The batched solver code downloadable from the CUDA registered developer website was a precursor to the batch support added to CUBLAS. The many downloads of that original code motivated productization of batched interfaces. Unless programmers have a need for source code, e.g. to add custom functionality, it should not be used any more at this time.
You seem to be using single precision data. Note that there is no single-precision solver in the downloadable package, i.e., no function ssolve_batch(). You could make your own ssolve_batch() function following the pattern of the existing double-precision solver and it should be able to handle matrices up to about dimension 108x108 on a K40.
I don’t recall what exact performance expectations one should have for a K40, but 30 GFLOPS does not seem totally out of line. By their nature, solvers contain both sequential and parallel operations, they are not fully parallel like a matrix multiply. The general issue when processing small matrices is that they do not expose enough parallelism to keep the GPU busy, which needs to run on the order of 10,000 threads for good performance.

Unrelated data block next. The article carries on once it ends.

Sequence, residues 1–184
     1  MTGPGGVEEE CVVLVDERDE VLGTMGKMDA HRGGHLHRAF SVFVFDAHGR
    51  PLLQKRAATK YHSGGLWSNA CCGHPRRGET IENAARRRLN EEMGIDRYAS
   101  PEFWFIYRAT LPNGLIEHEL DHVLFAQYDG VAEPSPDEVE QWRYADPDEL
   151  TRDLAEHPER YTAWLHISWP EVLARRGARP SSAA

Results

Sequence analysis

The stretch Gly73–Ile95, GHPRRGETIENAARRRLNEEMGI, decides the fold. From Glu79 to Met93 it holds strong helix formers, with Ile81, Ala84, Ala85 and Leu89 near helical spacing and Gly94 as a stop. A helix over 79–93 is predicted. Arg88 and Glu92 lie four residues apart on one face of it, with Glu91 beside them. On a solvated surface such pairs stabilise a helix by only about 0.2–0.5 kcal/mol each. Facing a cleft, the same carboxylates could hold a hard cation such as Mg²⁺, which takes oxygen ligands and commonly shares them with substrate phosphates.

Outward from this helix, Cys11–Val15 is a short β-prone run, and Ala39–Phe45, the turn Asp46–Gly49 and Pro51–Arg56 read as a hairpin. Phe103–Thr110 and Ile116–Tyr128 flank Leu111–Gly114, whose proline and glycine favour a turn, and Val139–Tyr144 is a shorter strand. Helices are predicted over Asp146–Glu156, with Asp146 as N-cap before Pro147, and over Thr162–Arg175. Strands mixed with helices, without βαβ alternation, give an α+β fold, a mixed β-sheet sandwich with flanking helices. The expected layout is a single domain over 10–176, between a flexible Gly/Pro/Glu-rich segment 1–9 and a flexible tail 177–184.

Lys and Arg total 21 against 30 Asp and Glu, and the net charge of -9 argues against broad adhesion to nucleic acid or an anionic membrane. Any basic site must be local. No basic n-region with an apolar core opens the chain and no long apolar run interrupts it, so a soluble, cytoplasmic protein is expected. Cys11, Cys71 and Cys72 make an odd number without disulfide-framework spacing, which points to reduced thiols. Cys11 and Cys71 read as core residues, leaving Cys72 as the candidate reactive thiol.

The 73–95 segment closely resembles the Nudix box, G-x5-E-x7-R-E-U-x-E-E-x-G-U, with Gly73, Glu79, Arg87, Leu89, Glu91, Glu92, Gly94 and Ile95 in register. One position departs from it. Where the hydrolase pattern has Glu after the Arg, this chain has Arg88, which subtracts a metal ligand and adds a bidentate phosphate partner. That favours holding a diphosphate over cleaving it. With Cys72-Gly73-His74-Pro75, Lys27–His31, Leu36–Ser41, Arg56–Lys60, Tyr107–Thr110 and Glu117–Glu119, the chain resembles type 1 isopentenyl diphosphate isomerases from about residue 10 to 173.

One can introduce batch processing to get around it, but this then takes many registers or lots of shared memory to make it fast. Around a matrix size of 10x10 one runs out of registers, around size 100x100 one runs out of shared memory (e.g. 76x76 when the matrix elements are ‘double’).
There is a gap between that size and the minimum size that can be handled efficiently by non-batched operations (around 256x256, I think, but my memory is hazy). The gap can be filled by various “hybrid” methods as best one can, but the performance will not necessarily great.
If this is an important use case (i.e. significant impact on overall application run time), you may want to file an RFE (request for enhancement) with NVIDIA to further optimize the batched APIs for this range of matrix sizes. RFEs can be filed via the bug reporting form, simply prefix the synopsis with “RFE:” to mark it as such.